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What is Arthritis?

The word "arthritis" is derived from two Greek words: arthron, meaning a joint, and —itis, meaning inflammation. Inflammation typically involves redness, heat, swelling and tenderness. So, technically speaking, arthritis describes a joint that is red, hot, swollen and tender.

Arthritis is a condition in which joints are painful and stiff. If the joints are actually red, hot, swollen, and tender, this condition is often described as inflammatory arthritis.

A related term, used less often by doctors now, is rheumatism. This non-specific term refers to any persistent condition of pain and stiffness related to joints, tendons, ligaments, or bursas (which are small 'cushions' that lie under a tendon to protect it from injury).

Arthritis and rheumatism are common and their frequency increases with age. A Canadian survey in 2000 and 2001 found that less than 5% of those aged 25 to 34 said that a doctor had told them they had arthritis or rheumatism. Among those aged 65 to 74, almost 40% had been given this diagnosis.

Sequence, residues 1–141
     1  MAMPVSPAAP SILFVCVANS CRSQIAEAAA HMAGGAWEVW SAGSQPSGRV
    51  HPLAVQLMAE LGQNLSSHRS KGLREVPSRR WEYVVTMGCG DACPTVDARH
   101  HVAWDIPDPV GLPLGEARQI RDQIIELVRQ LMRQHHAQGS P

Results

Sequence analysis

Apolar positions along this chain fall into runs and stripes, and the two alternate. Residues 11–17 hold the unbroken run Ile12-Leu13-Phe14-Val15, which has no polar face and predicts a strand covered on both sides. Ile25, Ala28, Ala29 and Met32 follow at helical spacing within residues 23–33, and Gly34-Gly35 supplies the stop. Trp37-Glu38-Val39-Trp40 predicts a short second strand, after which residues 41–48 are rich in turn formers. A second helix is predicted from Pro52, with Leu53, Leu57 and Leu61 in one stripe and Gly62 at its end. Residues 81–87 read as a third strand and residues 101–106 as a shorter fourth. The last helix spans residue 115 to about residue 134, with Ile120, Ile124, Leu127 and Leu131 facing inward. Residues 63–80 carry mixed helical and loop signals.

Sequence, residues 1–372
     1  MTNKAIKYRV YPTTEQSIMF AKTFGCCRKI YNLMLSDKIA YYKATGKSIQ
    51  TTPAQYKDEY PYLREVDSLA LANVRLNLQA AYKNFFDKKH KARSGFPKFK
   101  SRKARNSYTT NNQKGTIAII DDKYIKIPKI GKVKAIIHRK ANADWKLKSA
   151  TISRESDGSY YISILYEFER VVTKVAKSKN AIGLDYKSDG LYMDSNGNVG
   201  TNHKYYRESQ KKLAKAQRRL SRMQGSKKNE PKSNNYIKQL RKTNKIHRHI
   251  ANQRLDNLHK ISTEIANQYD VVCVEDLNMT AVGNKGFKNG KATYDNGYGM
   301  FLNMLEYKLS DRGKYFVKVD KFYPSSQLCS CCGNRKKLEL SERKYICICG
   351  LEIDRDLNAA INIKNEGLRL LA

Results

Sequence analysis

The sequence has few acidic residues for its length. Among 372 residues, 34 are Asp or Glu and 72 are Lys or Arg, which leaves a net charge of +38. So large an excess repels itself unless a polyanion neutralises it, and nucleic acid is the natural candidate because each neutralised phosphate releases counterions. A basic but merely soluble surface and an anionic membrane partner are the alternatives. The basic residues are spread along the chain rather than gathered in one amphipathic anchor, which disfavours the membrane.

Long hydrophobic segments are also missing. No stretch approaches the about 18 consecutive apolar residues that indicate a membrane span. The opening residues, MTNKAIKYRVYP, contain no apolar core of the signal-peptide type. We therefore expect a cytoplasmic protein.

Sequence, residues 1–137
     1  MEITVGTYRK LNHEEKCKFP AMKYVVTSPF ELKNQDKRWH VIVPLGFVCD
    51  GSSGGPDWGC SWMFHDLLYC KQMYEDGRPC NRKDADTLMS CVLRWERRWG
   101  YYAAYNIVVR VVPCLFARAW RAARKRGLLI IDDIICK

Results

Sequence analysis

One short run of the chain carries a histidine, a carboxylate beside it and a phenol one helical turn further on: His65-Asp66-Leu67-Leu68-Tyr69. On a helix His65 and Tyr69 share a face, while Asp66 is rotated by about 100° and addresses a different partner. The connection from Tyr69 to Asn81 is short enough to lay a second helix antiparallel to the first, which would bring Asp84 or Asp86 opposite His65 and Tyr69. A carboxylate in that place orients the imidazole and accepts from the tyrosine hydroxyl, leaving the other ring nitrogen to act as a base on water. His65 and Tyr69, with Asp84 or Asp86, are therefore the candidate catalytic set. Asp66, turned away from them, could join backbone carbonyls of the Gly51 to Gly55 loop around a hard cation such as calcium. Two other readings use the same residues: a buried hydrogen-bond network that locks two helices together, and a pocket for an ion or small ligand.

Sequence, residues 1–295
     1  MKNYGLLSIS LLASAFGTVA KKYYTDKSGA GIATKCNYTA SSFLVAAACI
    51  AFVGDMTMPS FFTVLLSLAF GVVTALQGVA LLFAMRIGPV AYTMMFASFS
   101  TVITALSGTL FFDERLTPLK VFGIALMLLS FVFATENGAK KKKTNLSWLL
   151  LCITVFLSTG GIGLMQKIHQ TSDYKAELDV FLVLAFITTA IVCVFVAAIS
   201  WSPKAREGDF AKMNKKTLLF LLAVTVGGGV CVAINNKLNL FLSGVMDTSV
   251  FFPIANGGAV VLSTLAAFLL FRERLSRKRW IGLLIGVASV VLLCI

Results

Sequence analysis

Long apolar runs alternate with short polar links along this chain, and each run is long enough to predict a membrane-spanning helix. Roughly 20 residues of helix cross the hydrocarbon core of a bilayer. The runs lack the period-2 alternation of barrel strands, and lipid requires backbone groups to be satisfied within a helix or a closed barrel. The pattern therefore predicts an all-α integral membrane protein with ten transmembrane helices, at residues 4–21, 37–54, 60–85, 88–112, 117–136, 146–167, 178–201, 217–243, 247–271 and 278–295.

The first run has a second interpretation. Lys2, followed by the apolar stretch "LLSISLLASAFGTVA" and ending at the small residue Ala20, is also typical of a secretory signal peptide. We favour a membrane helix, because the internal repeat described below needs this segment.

Arthritis is not a single disease with a single cause. There are dozens of different types of arthritis, each with its own cause. For instance, bacteria can sometimes cause a severe acute infection called infectious arthritis. Men with hemophilia can have bleeding inside their joints, which over the years can cause a severe arthritis. One particularly severe and sudden type of arthritis, called gout, is caused by crystals of a chemical called uric acid being deposited inside a joint (typically at the base of the big toe).

Rheumatoid arthritis is a specific form of inflammatory arthritis that is caused by your own immune system, which starts (for no known reason) to attack the membrane lining your joints. Because rheumatoid arthritis is caused by your body attacking itself, it is referred to as an autoimmune disease. The most common type of arthritis, osteoarthritis, is caused by wear and tear on the joints. Because of this, some doctors refer to osteoarthritis as degenerative joint disease. Other forms of inflammatory arthritis include ankylosing spondylitis, which affects the spine, and psoriatic arthritis, which tends to develop mainly in people already suffering from a skin condition called psoriasis.